Ch.8 - Monoprotic Acid-Base EquilibriaWorksheetSee all chapters
All Chapters
Ch.1 - Chemical Measurements
Ch.2 - Tools of the Trade
Ch.3 - Experimental Error
Ch.4 + 5 - Statistics, Quality Assurance and Calibration Methods
Ch.6 - Chemical Equilibrium
Ch.7 - Activity and the Systematic Treatment of Equilibrium
Ch.8 - Monoprotic Acid-Base Equilibria
Ch.9 - Polyprotic Acid-Base Equilibria
Ch.10 - Acid-Base Titrations
Ch.11 - EDTA Titrations
Ch.12 - Advanced Topics in Equilibrium
Ch.13 - Fundamentals of Electrochemistry
Ch.14 - Electrodes and Potentiometry
Ch.15 - Redox Titrations
Ch.16 - Electroanalytical Techniques
Ch.17 - Fundamentals of Spectrophotometry
BONUS: Chemical Kinetics
Sections
Arrhenius Acids and Bases
Bronsted-Lowry Acids and Bases
Lewis Acids and Bases
Auto-Ionization
Ka and Kb of compounds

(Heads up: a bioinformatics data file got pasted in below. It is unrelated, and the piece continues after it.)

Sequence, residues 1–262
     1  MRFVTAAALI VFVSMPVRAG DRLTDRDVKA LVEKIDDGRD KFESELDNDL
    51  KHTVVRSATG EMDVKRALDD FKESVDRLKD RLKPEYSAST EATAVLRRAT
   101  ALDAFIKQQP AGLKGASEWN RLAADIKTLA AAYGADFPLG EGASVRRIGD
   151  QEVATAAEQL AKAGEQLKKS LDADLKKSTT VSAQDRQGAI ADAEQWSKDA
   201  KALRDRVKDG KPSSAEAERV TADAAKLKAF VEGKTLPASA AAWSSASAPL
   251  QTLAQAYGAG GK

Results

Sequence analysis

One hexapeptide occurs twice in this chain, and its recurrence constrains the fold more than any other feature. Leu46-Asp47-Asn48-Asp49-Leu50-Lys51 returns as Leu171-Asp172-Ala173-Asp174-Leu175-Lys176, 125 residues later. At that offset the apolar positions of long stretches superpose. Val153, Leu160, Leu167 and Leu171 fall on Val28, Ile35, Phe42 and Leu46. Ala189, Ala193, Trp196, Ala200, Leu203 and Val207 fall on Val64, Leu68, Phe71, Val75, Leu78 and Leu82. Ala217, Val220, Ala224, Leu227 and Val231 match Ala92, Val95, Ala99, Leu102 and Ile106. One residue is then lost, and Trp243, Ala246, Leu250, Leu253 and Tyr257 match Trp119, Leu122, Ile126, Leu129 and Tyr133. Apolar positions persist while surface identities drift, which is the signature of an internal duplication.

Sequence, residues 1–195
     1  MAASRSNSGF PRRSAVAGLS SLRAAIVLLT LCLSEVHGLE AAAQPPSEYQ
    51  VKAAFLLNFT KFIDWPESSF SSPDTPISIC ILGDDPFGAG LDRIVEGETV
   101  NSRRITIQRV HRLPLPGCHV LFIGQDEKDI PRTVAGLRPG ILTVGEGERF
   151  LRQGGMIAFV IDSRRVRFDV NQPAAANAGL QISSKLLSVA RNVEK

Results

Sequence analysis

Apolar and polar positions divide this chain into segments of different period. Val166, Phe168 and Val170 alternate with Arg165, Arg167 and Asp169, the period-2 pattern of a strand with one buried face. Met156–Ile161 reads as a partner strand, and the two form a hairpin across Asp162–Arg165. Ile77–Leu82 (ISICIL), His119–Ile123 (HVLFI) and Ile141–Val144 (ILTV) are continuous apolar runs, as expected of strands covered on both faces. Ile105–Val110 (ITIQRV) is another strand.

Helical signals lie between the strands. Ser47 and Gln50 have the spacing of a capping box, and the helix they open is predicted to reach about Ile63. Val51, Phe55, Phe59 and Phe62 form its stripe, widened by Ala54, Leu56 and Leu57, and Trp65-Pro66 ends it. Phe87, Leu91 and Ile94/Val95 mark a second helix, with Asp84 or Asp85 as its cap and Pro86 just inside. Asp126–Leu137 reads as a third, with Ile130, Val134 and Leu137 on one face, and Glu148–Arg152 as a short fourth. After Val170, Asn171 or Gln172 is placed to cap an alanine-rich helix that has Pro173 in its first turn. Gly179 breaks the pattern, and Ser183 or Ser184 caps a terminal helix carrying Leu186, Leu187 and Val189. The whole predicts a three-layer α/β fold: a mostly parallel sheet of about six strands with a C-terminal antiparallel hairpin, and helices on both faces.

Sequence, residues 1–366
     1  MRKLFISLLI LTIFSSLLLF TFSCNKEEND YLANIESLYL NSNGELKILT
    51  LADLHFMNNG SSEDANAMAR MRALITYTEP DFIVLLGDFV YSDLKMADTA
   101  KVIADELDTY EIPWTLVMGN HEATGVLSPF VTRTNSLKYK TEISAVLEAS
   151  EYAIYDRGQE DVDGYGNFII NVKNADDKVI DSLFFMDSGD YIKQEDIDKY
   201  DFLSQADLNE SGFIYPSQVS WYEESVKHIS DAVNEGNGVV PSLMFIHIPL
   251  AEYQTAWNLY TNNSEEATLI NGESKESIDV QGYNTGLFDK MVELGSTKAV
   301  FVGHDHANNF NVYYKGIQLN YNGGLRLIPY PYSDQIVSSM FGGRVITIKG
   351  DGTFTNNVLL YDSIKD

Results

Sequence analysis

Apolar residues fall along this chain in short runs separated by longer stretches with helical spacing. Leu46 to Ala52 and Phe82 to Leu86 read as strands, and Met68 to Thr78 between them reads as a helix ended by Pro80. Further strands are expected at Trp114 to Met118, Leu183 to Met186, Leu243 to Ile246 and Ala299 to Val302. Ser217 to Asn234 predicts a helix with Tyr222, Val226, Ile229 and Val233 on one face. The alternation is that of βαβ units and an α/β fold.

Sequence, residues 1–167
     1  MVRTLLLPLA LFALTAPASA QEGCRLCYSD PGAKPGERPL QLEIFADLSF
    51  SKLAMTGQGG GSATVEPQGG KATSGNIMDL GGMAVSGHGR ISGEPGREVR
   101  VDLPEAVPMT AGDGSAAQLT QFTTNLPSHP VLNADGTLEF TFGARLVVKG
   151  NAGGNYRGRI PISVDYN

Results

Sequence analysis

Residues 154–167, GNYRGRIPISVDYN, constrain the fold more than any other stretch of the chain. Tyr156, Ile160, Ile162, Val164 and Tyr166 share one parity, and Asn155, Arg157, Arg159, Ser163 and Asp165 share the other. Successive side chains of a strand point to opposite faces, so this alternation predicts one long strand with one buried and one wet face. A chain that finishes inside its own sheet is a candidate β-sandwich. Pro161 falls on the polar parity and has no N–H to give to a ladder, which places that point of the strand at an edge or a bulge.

Weak Acid-Base Equilibria
Ionic Salts of Weak Acids and Bases
Buffers

WEAK ACIDS and WEAK BASES are weak electrolytes that do not completely ionize in solution, but instead form an equilibrium. 

Weak Acid-Base Equilibria

Example #1: What is the original molarity of a solution of weak acid with a Ka of 4.7 x 10-3 and pH of 4.12 at 25 oC?

Example #2: You are seeking to identify an unknown monoprotic acid by determining its Ka value. A 6.05 x 10-2 M solution of this unknown monoprotic acid has a pH of 2.122. Determine the Ka of this unknown acid?

a) 4.47 x 10-4
b) 9.42 x 10-4
c) 2.85 x 10-2
d) 1.08 x 10-3
e) 3.58 x 10-1

Example #3: A weak acid has a pKa of 5.35. What is the hydronium ion concentration in a 0.10 M solution of this weak acid?

a) 5.4 x 10-4 M

b) 6.3 x 10-6 M

c) 3.5 x 10-5 M

d) 2.3 x 10-6 M

e) 4.5 x 10-6 M

f) 6.7 x 10-4 M

Practice: The pH of an aqueous 0.10 M nitrite ion is 8.17. What is the base dissociation constant of the base?